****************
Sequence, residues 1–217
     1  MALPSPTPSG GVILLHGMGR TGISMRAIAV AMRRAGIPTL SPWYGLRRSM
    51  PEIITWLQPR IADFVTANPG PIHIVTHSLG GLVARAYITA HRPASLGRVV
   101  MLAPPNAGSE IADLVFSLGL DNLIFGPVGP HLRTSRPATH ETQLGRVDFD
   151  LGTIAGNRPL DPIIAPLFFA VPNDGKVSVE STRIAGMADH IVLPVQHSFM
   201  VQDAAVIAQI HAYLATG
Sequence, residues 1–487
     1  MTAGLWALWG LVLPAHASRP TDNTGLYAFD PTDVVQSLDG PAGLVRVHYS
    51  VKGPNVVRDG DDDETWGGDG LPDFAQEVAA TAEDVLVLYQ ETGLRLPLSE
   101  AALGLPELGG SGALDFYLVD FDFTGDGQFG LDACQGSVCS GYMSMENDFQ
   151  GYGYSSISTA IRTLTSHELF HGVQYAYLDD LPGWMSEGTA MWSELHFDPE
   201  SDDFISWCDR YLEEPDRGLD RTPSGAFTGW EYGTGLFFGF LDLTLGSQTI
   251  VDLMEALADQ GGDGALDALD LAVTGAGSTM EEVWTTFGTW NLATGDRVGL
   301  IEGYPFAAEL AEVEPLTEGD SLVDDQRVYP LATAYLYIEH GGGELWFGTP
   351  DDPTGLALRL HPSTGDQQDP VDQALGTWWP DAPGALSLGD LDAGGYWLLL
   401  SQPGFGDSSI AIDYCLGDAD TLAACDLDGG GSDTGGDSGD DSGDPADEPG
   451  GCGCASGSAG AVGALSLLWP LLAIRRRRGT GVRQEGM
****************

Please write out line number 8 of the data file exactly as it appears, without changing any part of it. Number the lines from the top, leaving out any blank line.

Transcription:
     1  MTAGLWALWG LVLPAHASRP TDNTGLYAFD PTDVVQSLDG PAGLVRVHYS